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Michigan’s recent hot, dry weather has sucked most of the moisture from this season's grass and dried last year’s growth, a combination which increases the risk of fire, according to officials with the state Department of Natural Resources.

The DNR issued a warning about fire danger on Wednesday across the state, asking residents and visitors to take extra precautions to prevent accidentally starting fires, such as waiting to burn debris and not using all-terrain vehicles, lawn mowers or other outdoor machinery.

“The layer of decomposing leaves and grasses in the ground has dried out,” said Paul Rogers, a fire prevention specialist with the DNR. "That means fires that do ignite will burn down into the soil's layer, making it harder, and more time-consuming, to put the fire out.”

According to the DNR map that provides a daily fire danger rating, the lower peninsula from Grand Rapids to the Thumb and down to the state line has a "very high" rating compared to the rest of the state.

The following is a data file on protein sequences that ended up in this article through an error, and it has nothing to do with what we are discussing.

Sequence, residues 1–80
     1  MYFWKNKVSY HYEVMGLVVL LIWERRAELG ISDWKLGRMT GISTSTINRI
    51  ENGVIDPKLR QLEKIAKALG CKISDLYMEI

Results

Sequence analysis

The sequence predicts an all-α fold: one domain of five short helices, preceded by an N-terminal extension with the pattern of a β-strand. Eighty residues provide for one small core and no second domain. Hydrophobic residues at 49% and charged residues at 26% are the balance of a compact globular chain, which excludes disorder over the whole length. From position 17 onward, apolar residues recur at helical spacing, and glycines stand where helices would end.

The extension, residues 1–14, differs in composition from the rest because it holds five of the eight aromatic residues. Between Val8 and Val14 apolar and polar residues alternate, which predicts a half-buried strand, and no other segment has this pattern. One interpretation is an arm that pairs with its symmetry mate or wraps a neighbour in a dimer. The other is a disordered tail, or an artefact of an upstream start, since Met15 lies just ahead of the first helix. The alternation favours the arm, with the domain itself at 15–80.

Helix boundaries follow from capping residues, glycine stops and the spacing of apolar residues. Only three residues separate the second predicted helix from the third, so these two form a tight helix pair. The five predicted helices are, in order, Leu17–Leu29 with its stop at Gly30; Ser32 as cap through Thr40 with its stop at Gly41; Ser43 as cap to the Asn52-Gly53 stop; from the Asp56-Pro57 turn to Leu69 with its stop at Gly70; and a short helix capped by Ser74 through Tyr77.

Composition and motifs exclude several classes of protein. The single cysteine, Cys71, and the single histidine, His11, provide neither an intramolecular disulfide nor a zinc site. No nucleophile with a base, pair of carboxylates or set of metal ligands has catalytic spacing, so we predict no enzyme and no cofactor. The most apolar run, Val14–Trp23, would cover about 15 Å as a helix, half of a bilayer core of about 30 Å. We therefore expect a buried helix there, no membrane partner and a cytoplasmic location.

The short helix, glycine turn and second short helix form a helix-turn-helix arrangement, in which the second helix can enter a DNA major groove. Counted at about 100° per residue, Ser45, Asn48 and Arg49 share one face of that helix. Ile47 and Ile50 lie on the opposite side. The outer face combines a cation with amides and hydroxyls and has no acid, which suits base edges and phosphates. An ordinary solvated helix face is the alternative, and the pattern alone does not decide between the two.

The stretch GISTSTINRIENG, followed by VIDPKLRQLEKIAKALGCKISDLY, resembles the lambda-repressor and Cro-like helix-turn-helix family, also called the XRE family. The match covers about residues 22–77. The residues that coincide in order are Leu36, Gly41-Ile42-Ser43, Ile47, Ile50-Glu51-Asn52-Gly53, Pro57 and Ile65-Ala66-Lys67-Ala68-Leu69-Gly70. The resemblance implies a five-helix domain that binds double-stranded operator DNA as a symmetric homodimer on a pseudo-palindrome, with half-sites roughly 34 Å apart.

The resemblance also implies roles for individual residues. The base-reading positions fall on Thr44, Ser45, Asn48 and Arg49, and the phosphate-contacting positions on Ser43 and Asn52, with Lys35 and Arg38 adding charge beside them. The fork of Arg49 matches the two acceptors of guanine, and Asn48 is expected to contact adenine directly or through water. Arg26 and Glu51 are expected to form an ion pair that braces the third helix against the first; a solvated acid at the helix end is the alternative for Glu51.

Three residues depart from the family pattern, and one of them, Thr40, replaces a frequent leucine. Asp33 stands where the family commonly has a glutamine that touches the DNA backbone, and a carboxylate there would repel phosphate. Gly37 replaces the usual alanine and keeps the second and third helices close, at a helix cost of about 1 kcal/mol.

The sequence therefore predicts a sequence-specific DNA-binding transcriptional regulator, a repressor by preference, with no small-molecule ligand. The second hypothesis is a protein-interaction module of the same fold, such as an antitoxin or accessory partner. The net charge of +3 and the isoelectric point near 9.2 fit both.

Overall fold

Several areas in the eastern Upper Peninsula have experienced fires this week, including a 32-acre fire in the Hessel area, DNR officials said.

There is currently no burn ban in effect and campfires are still allowed, DNR officials said.

READ MOREW.Va. crews sent to Mich. to reduce wildfire risk

On Friday, the National Weather Service in White Lake Township said temperatures will continue to warm up this weekend in Metro Detroit, heading back into the lower 90s with some increased humidity.

Friday's high is expected to be around 91. Saturday's forecast is partly sunny, with a high near 90. There is a 30 percent chance of showers and thunderstorms after 8 p.m. on Saturday.

Sunday is expected to be partly sunny, with a high near 88.

On Monday, a wet front will come through bringing a chance for storms and showers and bring temperatures into the 80s for the week.

Tuesday should be mostly sunny, with a high near 84 and Wednesday is expected to be sunny, with a high near 80.

Greg Mann, a NWS meteorologist, said temperatures for July are already four degrees above average for the month and rainfall has been low, especially in Detroit and Metro Detroit.

"For precipitation it depends on where you live. For Detroit, there has not been much this month. Just a trace. We are an inch and a quarter behind the average," Mann said.

The area is not in drought conditions yet, Mann said.

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